Tag Archives: Climate Change

NASA News Digest: Space Science For 4 November – 12 November 2015

Greetings fellow astrophiles,

The NASA News Service provides up-to-date announcements of NASA policy, news events, and space science. A recent selection of space science articles are provided below, including direct links to the full announcements. Those interested in receiving these announcements from NASA can subscribe to their service by sending an email to: hqnews-request@newsletters.nasa.gov?subject=subscribe

Be An Astronaut: NASA Seeks Explorers For Future Space Missions

RELEASE 15-216 (Click here for the full article) – 4 November 2015

In anticipation of returning human spaceflight launches to American soil, and in preparation for the agency’s journey to Mars, NASA announced it will soon begin accepting applications for the next class of astronaut candidates. With more human spacecraft in development in the United States today than at any other time in history, future astronauts will launch once again from the Space Coast of Florida on American-made commercial spacecraft, and carry out deep-space exploration missions that will advance a future human mission to Mars.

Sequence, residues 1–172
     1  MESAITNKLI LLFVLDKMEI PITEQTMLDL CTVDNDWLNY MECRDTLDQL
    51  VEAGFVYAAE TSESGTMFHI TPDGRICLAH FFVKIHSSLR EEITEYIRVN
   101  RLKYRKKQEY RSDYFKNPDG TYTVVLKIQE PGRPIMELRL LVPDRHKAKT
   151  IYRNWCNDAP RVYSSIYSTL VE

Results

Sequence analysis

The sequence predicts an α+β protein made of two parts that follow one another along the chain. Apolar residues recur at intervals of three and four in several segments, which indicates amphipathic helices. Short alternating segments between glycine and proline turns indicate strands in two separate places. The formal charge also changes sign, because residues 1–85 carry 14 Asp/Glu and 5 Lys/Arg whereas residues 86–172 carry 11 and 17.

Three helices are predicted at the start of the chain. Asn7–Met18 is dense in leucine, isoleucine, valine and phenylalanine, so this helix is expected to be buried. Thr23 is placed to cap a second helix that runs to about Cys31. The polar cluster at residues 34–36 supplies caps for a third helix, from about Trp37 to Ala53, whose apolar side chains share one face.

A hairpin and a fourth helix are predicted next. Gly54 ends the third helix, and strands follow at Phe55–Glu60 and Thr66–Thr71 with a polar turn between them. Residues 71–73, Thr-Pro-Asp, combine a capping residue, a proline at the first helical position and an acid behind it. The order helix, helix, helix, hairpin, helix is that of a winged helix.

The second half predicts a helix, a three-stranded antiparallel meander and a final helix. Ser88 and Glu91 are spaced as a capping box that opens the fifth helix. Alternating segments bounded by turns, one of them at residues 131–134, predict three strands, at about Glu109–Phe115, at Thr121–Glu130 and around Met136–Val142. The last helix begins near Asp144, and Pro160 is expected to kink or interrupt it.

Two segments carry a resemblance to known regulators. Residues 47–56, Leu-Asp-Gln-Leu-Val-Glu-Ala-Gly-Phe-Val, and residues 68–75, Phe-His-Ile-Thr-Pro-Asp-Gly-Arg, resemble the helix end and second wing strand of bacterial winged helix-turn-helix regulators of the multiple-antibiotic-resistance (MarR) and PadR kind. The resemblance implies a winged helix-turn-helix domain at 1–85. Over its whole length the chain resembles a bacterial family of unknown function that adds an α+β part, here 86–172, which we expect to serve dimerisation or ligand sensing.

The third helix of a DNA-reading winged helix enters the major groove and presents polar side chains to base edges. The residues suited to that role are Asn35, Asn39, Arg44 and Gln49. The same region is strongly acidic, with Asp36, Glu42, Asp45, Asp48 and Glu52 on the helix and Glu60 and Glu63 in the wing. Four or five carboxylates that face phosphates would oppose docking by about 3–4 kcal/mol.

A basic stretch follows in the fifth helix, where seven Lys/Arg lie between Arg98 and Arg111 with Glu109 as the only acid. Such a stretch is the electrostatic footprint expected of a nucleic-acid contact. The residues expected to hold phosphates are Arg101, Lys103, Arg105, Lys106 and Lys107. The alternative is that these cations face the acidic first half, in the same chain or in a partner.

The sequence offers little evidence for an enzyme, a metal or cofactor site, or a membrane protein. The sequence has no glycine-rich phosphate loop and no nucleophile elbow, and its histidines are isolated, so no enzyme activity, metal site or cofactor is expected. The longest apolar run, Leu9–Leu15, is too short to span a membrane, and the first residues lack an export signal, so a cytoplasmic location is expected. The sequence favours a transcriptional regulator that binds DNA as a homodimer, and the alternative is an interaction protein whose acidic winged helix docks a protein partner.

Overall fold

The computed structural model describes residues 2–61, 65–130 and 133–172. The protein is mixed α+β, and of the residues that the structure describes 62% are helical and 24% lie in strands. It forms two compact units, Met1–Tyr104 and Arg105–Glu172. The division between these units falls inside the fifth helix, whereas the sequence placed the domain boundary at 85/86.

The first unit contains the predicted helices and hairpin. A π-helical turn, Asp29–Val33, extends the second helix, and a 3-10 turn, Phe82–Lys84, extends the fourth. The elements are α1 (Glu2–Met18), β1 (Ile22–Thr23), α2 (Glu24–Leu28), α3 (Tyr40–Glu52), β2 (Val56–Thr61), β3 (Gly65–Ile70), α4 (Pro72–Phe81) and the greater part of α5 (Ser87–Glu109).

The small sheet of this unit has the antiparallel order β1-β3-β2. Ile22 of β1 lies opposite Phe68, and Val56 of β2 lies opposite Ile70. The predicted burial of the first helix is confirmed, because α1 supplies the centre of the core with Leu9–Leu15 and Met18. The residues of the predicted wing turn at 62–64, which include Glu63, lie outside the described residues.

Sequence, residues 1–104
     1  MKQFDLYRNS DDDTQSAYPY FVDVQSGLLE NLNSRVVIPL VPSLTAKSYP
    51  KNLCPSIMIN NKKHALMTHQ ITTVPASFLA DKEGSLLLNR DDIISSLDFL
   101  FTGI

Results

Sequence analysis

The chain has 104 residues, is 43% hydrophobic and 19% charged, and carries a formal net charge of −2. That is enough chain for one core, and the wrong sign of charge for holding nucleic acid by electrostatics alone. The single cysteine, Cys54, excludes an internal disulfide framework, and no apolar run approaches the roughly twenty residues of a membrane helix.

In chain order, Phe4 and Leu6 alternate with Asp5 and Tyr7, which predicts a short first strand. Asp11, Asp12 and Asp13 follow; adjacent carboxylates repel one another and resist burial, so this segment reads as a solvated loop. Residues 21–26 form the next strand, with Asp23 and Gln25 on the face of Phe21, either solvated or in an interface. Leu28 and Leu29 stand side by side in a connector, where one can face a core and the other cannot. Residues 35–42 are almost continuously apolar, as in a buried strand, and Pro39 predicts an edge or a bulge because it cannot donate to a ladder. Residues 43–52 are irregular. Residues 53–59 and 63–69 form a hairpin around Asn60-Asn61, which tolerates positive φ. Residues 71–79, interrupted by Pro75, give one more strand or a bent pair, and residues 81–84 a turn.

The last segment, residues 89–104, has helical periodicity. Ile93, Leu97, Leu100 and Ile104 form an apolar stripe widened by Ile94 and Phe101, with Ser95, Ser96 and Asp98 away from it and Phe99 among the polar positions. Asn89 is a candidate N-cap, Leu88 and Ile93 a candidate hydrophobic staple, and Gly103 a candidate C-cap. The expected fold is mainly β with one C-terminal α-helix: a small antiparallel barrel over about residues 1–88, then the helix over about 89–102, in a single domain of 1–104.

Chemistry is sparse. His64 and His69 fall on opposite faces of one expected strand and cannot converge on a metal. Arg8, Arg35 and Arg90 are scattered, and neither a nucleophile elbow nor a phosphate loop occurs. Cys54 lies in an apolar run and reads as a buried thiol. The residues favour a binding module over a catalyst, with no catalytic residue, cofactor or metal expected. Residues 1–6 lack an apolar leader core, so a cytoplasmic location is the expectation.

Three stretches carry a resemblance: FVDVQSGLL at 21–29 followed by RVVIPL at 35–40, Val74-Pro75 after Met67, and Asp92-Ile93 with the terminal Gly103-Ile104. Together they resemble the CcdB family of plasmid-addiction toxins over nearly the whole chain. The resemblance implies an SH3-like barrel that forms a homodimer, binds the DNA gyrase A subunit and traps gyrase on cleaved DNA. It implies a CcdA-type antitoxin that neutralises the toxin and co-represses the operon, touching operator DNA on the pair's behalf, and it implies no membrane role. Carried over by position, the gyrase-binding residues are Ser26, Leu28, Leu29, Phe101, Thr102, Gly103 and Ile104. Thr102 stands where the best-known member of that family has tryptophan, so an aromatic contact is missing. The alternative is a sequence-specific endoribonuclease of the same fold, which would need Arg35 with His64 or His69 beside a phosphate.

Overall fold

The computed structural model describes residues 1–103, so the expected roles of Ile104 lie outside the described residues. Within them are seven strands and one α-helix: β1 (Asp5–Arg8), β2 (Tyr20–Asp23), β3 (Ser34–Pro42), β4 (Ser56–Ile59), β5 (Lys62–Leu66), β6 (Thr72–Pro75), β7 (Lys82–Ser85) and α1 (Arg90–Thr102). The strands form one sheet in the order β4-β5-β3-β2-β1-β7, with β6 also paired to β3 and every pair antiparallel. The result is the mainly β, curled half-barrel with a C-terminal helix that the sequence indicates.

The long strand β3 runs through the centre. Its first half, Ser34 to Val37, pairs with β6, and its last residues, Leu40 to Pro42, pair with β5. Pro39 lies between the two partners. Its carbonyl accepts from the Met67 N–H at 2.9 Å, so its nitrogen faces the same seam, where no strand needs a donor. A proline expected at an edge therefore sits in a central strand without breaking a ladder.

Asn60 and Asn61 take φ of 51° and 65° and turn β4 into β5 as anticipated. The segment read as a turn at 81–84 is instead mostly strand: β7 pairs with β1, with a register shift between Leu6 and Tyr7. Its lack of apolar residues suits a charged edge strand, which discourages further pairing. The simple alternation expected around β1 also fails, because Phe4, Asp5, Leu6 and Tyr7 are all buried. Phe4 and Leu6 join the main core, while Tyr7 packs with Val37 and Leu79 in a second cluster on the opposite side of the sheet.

The agency will accept applications from Dec. 14 through mid-February and expects to announce candidates selected in mid-2017. Applications for consideration as a NASA Astronaut will be accepted at: http://www.usajobs.gov

The next class of astronauts may fly on any of four different U.S. vessels during their careers: the International Space Station, two commercial crew spacecraft currently in development by U.S. companies, and NASA’s Orion deep-space exploration vehicle.

From pilots and engineers, to scientists and medical doctors, NASA selects qualified astronaut candidates from a diverse pool of U.S. citizens with a wide variety of backgrounds.

The agency will accept applications from Dec. 14 through mid-February and expects to announce candidates selected in mid-2017. Applications for consideration as a NASA Astronaut will be accepted at:

For more information about a career as a NASA astronaut, and application requirements, visit: www.nasa.gov/astronauts

NASA Mission Reveals Speed of Solar Wind Stripping Martian Atmosphere

RELEASE 15-217 (Click here for the full article) – 5 November 2015